Organic Active ingredients: the 411

Behind every great serum are a roll call of great active ingredients.

We’ve just launched our Back to Life Hydration Serum, which we’re calling, the serum for people who can’t tolerate serums.

Our challenge?

We needed to develop a product that was not only powerful in its performance, but so lightweight it can be used on any skin type. No problem.

Using ingredients like Propylene Glycol, Ethanol, synthetic thickeners and Silicones, which are found in many serums wasn’t an option – as they’re known to irritate sensitive skin.

Instead, we found two performance-driven organic actives to do what we needed the serum to do – drive water into the skin, and hold it there.

Hyaluronic acid:

Hyaluronic Acid isn’t actually an acid, but a glycosaminoglycan, which is basically a very large sugar that naturally occurs in our skin and joints.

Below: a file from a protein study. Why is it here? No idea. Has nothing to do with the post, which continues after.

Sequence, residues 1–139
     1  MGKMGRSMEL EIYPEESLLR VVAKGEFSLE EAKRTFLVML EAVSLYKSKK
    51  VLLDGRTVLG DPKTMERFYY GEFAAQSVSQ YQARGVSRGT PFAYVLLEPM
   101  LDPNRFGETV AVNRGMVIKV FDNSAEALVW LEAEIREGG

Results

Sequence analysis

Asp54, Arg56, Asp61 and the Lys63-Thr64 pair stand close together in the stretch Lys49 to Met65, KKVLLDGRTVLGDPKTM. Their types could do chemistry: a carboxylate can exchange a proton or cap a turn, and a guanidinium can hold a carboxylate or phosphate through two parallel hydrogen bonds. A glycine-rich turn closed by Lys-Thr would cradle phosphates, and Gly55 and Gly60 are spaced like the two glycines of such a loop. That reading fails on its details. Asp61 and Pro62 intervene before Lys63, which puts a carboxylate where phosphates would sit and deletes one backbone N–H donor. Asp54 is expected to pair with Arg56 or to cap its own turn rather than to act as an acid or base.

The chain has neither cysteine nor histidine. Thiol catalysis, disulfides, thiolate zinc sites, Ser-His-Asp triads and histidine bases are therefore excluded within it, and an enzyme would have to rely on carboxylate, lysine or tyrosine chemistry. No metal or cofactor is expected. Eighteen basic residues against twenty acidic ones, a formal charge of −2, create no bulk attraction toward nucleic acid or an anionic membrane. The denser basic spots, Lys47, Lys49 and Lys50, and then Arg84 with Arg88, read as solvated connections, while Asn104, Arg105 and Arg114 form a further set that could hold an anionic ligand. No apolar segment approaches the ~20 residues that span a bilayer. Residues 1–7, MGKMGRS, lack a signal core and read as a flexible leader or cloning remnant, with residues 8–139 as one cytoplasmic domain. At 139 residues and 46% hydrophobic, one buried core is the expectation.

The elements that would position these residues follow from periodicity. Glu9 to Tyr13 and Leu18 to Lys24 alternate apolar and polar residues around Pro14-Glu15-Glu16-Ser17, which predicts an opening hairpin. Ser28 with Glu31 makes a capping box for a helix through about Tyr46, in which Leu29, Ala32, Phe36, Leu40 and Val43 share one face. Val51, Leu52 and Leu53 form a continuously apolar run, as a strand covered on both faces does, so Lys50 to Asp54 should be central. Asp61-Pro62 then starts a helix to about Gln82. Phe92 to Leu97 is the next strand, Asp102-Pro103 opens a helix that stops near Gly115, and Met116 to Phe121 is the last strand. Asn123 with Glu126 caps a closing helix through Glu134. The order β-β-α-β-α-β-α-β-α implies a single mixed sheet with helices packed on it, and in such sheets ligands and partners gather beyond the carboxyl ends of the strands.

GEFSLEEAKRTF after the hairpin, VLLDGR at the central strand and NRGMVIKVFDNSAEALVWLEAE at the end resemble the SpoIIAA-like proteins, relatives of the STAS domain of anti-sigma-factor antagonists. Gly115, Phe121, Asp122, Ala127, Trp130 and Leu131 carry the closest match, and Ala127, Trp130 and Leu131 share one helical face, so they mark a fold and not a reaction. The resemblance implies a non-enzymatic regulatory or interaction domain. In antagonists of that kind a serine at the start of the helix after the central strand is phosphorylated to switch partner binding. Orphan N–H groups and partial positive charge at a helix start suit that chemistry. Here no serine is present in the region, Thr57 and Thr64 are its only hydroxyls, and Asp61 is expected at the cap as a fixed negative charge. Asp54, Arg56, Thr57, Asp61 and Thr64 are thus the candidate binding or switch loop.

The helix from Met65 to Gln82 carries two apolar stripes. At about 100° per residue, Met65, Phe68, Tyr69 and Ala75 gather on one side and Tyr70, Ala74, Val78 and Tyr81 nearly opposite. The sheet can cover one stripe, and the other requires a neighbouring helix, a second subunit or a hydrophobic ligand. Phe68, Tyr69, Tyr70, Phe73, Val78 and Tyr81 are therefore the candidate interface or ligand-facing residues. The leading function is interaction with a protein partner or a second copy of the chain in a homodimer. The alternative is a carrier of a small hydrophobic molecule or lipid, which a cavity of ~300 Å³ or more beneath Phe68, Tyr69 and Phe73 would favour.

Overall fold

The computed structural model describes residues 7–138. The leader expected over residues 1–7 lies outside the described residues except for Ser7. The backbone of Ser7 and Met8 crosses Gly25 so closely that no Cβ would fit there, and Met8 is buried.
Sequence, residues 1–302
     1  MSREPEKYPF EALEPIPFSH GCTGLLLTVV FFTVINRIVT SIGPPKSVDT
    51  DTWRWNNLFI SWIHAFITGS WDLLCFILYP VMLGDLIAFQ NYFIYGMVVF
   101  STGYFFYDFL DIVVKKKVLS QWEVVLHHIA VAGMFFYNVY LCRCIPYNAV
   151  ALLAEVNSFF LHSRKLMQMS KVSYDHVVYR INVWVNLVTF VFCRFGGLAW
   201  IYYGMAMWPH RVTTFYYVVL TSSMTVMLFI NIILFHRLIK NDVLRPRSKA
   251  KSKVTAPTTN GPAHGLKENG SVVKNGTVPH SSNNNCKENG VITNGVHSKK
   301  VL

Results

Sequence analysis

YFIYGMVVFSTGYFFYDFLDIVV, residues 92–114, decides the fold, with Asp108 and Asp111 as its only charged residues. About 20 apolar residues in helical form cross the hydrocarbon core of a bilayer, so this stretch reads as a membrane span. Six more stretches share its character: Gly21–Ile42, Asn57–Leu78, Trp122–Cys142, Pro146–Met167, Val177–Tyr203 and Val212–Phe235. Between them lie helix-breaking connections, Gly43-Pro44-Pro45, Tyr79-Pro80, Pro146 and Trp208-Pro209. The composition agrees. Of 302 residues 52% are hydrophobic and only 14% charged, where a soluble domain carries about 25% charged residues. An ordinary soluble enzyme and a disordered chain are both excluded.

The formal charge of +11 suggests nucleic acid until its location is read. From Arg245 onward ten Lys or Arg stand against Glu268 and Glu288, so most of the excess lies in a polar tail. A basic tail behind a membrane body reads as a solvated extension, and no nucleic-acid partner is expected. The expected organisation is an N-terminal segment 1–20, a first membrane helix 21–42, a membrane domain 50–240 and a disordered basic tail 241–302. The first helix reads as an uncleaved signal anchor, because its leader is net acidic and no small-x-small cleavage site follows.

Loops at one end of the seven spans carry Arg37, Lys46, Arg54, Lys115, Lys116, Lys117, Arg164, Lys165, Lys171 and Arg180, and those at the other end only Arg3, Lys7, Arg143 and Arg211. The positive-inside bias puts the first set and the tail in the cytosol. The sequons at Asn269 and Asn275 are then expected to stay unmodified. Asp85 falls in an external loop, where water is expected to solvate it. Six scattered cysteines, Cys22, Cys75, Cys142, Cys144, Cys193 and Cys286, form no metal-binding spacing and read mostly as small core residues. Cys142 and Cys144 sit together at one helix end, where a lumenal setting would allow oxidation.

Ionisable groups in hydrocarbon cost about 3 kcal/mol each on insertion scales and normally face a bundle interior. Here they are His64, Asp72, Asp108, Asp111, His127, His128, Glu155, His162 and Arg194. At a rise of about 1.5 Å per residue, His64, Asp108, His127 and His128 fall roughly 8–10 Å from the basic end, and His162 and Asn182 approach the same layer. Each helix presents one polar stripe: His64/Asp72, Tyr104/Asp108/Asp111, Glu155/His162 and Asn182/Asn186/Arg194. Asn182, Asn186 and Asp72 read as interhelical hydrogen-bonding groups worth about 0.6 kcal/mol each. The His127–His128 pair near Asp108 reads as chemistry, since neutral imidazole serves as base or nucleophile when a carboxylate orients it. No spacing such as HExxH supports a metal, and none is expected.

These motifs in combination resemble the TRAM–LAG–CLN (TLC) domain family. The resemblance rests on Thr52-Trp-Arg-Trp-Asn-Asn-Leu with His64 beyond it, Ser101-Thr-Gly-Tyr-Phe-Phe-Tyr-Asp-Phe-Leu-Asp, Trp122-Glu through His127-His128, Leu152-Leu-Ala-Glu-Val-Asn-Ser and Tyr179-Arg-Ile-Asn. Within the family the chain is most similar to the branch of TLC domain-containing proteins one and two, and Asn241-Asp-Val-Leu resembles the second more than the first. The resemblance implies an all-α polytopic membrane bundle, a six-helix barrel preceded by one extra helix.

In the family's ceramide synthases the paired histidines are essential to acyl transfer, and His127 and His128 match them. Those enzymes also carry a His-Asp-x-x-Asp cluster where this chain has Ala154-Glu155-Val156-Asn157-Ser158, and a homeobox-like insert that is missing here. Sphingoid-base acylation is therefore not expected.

Known for being hydrophilic, it will draw and hold onto water, and so it plays a huge role in retaining moisture. We use ultra low molecular weight (which means tiny molecules of) Hyaluronic Acid, so it can penetrate into the skin easily. These clever molecules act like a sponge to bind water to the skin, helping to keep skin healthy and plumped up.

Triberry:

We know berries to be powerful ingredients when it comes to what we eat, and the same goes for skin food. Rich in antioxidants, this trio of indigenous Australian berries support the skin’s natural moisture barrier and protect against water loss.

(1) Pepperberry (Tasmannia lanceolata)

The pepperberry tree is a hardy mountain-growing species. Pepperberry is rich in antioxidants (anthocyanins & rutins) protecting cells from oxidative damage. The fruit extract has shown to have an antioxidant power three times greater than blueberries.

(2) Riberry (Syzygium luehmannii)

Riberry is a small rainforest pink-fruit also named ‘Lilly Pilly” by the Aborigines. Riberry contains antioxidants (vitamin E & anthocyanins) and nutritious skin elements like essential minerals (magnesium, calcium, potassium).

(3) Muntries (Kunzea pomifera)

Muntries is one of the oldest Australian bush foods in the diet of the Aborigines. Muntries are rich in antioxidants (anthocyanins). The natural wax content found in the berry nourishes the skin and provides a barrier against moisture loss.



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